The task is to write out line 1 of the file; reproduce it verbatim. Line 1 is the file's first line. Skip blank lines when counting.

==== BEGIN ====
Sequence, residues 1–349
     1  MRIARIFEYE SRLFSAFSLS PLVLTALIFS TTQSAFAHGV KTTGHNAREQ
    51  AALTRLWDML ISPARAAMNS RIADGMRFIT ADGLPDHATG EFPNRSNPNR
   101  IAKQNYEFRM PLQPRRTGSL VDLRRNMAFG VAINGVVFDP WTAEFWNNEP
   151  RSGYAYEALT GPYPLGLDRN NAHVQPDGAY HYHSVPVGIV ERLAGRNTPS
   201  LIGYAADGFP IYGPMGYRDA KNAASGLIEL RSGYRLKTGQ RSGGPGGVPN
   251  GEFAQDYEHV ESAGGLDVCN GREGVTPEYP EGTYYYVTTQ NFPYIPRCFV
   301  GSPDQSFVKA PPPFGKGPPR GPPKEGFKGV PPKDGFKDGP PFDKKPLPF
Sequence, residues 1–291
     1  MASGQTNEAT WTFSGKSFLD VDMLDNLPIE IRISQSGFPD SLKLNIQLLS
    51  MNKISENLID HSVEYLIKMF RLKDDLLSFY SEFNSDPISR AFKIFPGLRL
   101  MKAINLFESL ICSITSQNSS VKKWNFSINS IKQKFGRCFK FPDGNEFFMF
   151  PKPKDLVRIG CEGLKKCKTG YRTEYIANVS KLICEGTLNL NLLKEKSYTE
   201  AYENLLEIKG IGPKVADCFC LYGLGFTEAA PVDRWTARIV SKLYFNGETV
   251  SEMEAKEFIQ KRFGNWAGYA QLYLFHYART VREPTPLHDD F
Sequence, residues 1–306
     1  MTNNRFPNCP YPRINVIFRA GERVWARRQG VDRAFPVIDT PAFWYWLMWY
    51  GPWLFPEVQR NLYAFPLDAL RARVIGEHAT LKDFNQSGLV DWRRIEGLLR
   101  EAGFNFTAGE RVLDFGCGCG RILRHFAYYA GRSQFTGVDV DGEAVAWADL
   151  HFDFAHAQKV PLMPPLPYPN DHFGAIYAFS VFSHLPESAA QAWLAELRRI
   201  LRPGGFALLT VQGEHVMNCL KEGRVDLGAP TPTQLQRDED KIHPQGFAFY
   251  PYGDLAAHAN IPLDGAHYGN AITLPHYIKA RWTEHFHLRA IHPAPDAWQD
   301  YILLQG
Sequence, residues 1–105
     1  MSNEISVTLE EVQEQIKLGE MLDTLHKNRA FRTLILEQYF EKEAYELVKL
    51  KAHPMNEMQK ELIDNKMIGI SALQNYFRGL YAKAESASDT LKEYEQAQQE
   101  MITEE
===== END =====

Sequence, residues 1–349